On February 1, voters in Iowa will meet in caucus sites to elect party delegates for Election 2016 candidates.
The Iowa Caucus is different than a primary election, where registered voters cast ballots to be counted and reported by the state's election office. Iowans will elect delegates for political party county conventions, who will then choose the delegates for each party's presidential convention. The caucus votes are counted and reported by the political party. The Iowa Caucus is newsworthy because it is a different process, as well as the first major electoral event in the presidential election.
How does the Iowa Caucus work?
Election night math (article)
Iowa Caucus 101 - great resource with teacher curriculum
History of Iowa Caucus
How Iowa Caucus works, why important (Washington Post)
News coverage, speeches, votes, etc.
Des Moines Register (prominent Iowa newspaper)
Des Moines Register Compare Candidates tool
Examples of campaign ads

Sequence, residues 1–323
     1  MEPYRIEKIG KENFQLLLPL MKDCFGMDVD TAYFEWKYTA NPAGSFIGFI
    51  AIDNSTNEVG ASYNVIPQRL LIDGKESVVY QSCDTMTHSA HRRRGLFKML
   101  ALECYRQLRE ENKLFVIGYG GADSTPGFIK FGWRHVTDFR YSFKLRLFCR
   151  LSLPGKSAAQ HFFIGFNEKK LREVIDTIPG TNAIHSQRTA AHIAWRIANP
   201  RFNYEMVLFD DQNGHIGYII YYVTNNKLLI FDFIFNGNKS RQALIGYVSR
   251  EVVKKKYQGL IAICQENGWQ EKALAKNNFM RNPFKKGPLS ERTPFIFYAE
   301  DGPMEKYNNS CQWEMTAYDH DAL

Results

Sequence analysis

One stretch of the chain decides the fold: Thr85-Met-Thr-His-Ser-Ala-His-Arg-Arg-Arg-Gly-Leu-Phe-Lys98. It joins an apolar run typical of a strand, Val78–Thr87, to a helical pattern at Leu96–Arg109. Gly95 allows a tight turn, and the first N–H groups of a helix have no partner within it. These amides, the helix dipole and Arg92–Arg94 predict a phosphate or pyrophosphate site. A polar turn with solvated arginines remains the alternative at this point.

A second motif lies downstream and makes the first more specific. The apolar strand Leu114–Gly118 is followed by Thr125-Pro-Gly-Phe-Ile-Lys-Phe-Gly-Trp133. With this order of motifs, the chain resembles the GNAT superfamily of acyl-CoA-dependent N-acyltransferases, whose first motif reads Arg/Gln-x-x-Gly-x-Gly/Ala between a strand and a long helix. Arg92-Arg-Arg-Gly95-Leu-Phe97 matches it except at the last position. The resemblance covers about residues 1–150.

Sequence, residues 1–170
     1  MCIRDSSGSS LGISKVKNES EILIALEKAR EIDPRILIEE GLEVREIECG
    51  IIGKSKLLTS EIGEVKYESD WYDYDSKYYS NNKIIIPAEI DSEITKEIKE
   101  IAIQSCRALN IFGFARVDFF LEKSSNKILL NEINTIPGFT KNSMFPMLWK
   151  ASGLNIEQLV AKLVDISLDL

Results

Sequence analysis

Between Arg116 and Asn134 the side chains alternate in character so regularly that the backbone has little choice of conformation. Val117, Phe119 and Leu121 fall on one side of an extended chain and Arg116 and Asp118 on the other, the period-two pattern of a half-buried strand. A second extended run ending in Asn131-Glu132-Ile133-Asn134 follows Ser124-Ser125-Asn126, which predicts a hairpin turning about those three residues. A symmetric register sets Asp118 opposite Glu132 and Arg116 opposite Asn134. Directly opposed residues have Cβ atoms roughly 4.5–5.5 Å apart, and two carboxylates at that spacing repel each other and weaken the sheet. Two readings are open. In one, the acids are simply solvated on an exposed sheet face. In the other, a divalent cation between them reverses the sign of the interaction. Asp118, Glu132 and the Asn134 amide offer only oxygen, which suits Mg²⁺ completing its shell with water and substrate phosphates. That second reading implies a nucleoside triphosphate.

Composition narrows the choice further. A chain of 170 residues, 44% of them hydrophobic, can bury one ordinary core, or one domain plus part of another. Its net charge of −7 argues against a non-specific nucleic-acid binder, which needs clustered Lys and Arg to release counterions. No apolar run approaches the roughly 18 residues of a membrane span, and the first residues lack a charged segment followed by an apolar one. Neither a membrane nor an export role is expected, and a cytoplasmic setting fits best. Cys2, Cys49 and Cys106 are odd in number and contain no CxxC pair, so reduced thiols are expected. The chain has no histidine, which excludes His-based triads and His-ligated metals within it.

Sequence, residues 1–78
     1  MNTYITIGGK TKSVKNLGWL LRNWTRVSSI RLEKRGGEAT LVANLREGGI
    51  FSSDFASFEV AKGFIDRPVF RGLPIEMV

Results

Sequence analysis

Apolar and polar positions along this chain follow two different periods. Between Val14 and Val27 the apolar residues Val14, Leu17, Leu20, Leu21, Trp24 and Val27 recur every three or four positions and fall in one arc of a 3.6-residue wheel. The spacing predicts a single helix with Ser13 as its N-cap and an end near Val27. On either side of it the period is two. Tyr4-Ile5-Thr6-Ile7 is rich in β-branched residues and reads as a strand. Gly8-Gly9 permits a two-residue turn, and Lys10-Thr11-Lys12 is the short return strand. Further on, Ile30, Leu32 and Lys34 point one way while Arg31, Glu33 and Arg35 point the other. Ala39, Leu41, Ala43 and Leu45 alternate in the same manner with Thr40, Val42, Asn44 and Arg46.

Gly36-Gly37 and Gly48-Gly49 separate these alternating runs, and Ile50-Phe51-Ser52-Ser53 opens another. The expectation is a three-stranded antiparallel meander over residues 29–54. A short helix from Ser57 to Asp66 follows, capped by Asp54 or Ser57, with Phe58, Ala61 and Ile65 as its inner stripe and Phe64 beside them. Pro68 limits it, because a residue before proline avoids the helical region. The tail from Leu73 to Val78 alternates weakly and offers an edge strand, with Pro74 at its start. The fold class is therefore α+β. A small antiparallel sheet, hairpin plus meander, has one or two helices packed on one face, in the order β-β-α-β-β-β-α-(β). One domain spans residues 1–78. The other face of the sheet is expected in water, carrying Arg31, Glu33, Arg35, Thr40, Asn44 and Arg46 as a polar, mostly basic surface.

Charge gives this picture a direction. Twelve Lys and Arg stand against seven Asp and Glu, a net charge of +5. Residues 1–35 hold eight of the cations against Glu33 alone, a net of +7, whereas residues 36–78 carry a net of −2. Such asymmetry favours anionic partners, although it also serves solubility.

Hillary Clinton (D)
Bernie Sanders (D)
Jeb Bush (R)
Ben Carson (R)
Ted Cruz (R)
Marco Rubio (R)
Donald Trump (R)
Tools for candidate analysis
What is the history of the Iowa Caucus?
What is the significance?
What do I know about the state of Iowa? About the Iowa Caucus? About Election 2016?
Compare and contrast Iowa elections to what happens in my state?
What do I need to learn? Where can I find more information?
Who will win this caucus ? Why?
Will the results be different than the vote in my state? Why or why not?
How does the Iowa Caucus impact the state outside of the election? Does it impact the state economy? How?
If you were a candidate, what would you say to potential voters?
If you were a journalist, what would your headline say before the vote? After the vote?
If you were a voter in Iowa, what would you think about the Iowa Caucus?
news and media literacy,